Just End It Write Now

Writing After

Holy Surmounting

Writing after a long time of not doing so is like biking with a flat tire, uphill in a Chinook, loaded with too many groceries in the basket.   That much dread in the legs.  Some pyrotechnic, autogenic inspiration, or at least a mule-deer genie of the place, ought to help one surmount the landfill, crammed with non-expressive detritus of thoughts, between the last time you wrote, and this moment of articulation.

Instead, just a few curses now and then, which the wind handily tosses back in your face.  And then it starts to rain, as if Nature strives to impress Noah, one-upping his last watery debacle.  It rains so hard the foothills disappear.  You wonder about that elusive magic of the sentence, and why it has no refuge for you now.

I have been reading excessively beautiful material on grief, and it inspires me to return to the object of my own grief, a writing project I started and abandoned, because I couldn’t make it breathe.  I think of an herbalist I know, trying a third time to resuscitate a newborn, whose limpness is clear, because its mother is watching warily from the corner, the way she would watch a rabbit nearing the scarcity of her vegetable garden.

The project, now dormant, was a book I was to write on the life of my beloved friend Liz, who appeared in this blog as mortal and ghost alike and who died at 103 years-old, two Septembers past.   The time after someone dies is tracked like the time just after they are born: in months.

I send this missive up as a postmortem salutation, aiming for a respectful love as full as a full moon, which can’t get bigger, more itself, than it is at that moment– like the moon Liz died beneath, and like the being she was while she lived.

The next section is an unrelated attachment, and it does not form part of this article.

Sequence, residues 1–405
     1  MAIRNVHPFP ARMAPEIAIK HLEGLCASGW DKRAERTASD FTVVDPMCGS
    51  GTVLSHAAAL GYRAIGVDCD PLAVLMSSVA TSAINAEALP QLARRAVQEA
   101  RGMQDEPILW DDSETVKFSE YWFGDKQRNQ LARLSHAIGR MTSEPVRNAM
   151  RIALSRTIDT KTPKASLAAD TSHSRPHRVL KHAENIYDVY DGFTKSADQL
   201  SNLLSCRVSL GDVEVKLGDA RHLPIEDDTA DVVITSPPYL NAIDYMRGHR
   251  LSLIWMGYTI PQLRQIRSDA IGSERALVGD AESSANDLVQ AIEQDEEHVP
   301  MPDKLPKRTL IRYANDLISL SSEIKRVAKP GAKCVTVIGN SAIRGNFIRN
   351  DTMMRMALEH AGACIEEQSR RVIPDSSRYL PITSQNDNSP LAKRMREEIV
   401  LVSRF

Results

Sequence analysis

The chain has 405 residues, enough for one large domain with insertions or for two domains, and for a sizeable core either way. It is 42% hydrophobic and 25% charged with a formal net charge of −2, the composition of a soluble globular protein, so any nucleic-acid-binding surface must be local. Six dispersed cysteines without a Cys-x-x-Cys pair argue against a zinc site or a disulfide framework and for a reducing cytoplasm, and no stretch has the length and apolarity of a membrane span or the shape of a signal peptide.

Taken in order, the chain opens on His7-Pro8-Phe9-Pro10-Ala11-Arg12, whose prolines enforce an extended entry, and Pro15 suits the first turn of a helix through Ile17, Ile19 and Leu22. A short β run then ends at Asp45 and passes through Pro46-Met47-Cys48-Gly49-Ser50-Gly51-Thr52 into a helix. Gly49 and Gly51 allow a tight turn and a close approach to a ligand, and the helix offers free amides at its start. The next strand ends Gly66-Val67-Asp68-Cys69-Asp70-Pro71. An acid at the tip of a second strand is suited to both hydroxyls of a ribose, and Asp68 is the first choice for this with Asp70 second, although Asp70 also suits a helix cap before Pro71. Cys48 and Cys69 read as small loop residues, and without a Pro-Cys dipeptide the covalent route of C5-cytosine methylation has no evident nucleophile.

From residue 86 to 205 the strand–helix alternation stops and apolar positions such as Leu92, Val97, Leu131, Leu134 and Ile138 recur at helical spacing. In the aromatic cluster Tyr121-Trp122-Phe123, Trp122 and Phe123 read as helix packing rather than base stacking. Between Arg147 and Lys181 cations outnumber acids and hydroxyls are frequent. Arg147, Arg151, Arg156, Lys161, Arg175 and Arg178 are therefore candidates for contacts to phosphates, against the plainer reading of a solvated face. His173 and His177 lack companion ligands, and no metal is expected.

These missives are engineered by Imagination’s slight-of-hand: Undertakers loving the loads that they have undertaken. A rumination on the preposterousness of endings.

Your Terminal

Endings Perplex

Even though it can be hard to discern a person’s last true breath, the End that follows is usually impossible to miss—because, unlike all of the life that came before it, the End is unwavering itself.  Its status doesn’t change.  Facebook would cringe at the thought.

“THE END” is usually impossible to miss

When she was young, my little sister penned “THE END” on everything she created with MORBID FINALITY.  Even if her story was only two sentences in length, “THE END” took up the rest of the page—much like our END will supersede our existence in its infinite duration, compared with our brief presence.

Not only did she make clear where the end was, she sometimes pressed so hard with the pen that she ripped the paper—a penetrating finale.    The end could be like that, too, like a club smashed over whatever came before, the narrative adventure that led up to it.   As my sister wrote, her thick blonde hair spilled over the page like a magician’s curtain.  Her little girl fingers clutched the BIC pen (mightier-than-the-sword indeed) and spelled these two words more meticulously than any of the others, with the same kind of pen her Daddy used when he did things that looked Important.